Years ago, I was told that seventy five percent of the cost of goods sold came from the transportation of those goods. I used to think that was an exaggeration until I considered the example of tools forged out of steel. From being iron ore in the ground to becoming a tool in your hand, just imagine how much transportation is involved from start to finish. If you think about that, you will agree that 75% of the cost of goods sold is a result of transportation. So, that brings me to the question: why is our country exporting most of the oil being extracted from US soil and allowing the price of fuel to climb? If you want to curb inflation, you must control the cost of goods sold. However, by selling our oil to China (or whatever country) and causing the price of diesel fuel to increase here, then the cost of goods sold will also increase, thus adding to inflation. Don’t our politicians know that inflation is what is killing our economy, our country and (probably) our people?
Another thing that is killing people is diesel particulate filters (DPF) in emergency vehicles. I have received several e-mails about a trucker who was trapped inside his burning rig and the fire truck that was coming to his rescue had to pull over to the side of the highway while its DPF was going through its regen cycle. In addition to the obvious public safety issue, what’s worse for the environment – a fire truck putting out more than the allowable parts per million of soot or a fire that continues to burn? Maybe the California Air Resources Board (CARB) should do a study on what California’s annual wildfires do to their air quality and run those numbers against fire trucks that aren’t 2008 compliant just to put this all into perspective.
Speaking of wildfires, DPFs have started quite a few. The high temperature regen cycles can ignite anything too close to the filter. With all this in mind, let’s step back and look at the big picture here. CARB’s job is to keep the air clean and save lives. How does crippling the reliability of a fire truck accomplish this task? And what about the ambulances? A read about a man who was having a heart attack and before the ambulance was able to reach him it had to pull to the side of the road and wait for its DPF to regen. Do DPFs on ambulances save lives? Even tow truck operators, many of whom are too busy hauling new trucks back to the dealerships because of EGR and DPF issues, are taking longer to respond to, and help clean up after, vehicle wrecks. Are these emission laws and DPFs really saving lives – or are they actually taking them?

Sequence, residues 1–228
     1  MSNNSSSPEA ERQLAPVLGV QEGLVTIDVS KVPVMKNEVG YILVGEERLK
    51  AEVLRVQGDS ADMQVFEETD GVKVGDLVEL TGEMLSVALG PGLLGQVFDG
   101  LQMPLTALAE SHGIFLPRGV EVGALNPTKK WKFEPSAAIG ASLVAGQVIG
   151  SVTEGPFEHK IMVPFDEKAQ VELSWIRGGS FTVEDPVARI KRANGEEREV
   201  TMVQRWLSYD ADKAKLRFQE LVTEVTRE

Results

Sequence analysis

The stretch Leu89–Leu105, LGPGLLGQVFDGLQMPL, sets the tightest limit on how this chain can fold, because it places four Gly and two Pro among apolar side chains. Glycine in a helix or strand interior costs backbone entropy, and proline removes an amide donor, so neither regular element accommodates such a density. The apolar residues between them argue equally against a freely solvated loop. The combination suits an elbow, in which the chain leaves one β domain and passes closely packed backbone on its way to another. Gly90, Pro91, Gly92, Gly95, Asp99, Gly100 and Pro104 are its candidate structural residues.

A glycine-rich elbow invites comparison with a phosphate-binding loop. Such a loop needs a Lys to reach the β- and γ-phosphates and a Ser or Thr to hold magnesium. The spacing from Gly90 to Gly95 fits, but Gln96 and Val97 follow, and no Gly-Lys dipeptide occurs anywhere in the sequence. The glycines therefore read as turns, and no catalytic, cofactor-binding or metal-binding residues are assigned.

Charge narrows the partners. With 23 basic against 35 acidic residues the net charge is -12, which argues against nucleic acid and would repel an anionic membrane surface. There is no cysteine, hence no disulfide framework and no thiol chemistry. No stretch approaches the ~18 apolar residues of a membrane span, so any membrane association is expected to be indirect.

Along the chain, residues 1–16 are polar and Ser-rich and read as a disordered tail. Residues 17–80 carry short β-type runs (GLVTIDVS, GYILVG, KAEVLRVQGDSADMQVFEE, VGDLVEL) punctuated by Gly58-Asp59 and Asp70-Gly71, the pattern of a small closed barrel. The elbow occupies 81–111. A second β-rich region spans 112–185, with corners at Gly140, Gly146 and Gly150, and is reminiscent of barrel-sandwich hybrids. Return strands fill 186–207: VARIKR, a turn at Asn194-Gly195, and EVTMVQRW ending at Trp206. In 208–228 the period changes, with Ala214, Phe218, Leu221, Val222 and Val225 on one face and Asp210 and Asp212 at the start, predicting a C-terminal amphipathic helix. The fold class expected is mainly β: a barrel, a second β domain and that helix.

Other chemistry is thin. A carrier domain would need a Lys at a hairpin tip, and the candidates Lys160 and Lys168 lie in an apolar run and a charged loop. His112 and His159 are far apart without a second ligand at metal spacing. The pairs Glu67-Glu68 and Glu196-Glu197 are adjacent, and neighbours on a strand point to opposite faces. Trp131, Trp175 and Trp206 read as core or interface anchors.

Did you know that the ISX Cummins ECU or ECM has 6,400 parameters that affect the operation of the engine and the truck? If you accidentally change the wrong setting, you could have a disaster on your hands because every parameter is linked. Making just one wrong move starts a chain reaction that corrupts the operating system and turns the ECM into a lifeless paperweight. This is the most complex ECM we have ever worked on, but every day we are
making progress, working to improve what this great engine can do for you discerning owner operators out there.
Do you hate the fact that your engine starts to cut back power at 1,500 rpm? Well, that can be changed. Back in the day, the old Big Cam Cummins engines were typically set at 1,800 and most were attached to an 8- or 9-speed transmission. Being that you were not able to split a gear, when shifted at 1,800 rpm into the next gear when pulling a hill, the rpm would come down to 1,100 or 1,200 where the engine was just dead. Those engines needed 1,500 rpm and higher to be able to pull a grade. Back then, we would install a 13-speed transmission and set the rpm to 2,200 or higher, and also increase the horsepower by at least 50, and gain better than a mile per gallon. What may work on the level parts of our country doesn’t always work on the hills or in the mountains. So, if you want your ISX to pull strong up to 2,000 rpm, you need to have that parameter changed.
Our seventh annual Owner Operator Snowmobile Conference was recently held in Togwotee, Wyoming, and a wonderful time was had by all in attendance. Twenty-four people joined us and there was plenty of new snow for everyone. I asked owner operator Todd Straight to describe how he felt about the conference and here is what he had to say: “The conference was sixty percent camaraderie and forty percent snowmobiling. It was a pleasure to spend time with other owner operators away from their trucks. The employees at the lodge were great and hospitable. It was wonderful to see how everyone helped each other as a team when someone was stuck in the snow. Taking the break from trucking has improved my ability to handle the challenges at work, including my recent breakdown in North Dakota when I had an electrical failure. I loved the conference so much that I will surely be back next year to enjoy the companionship of fellow owner operators while snowmobiling.” Our thanks go out to everyone who attended the conference – it was a great time!
In life, you have to have some fun every once in a while to keep from getting burned out. We had a lot of fun and hope that more of you can join us next year at the conference. If you have any questions or comments, I can be reached at Pittsburgh Power Inc. in Saxonburg, PA at (724) 360-4080 or via e-mail at firstname.lastname@example.org.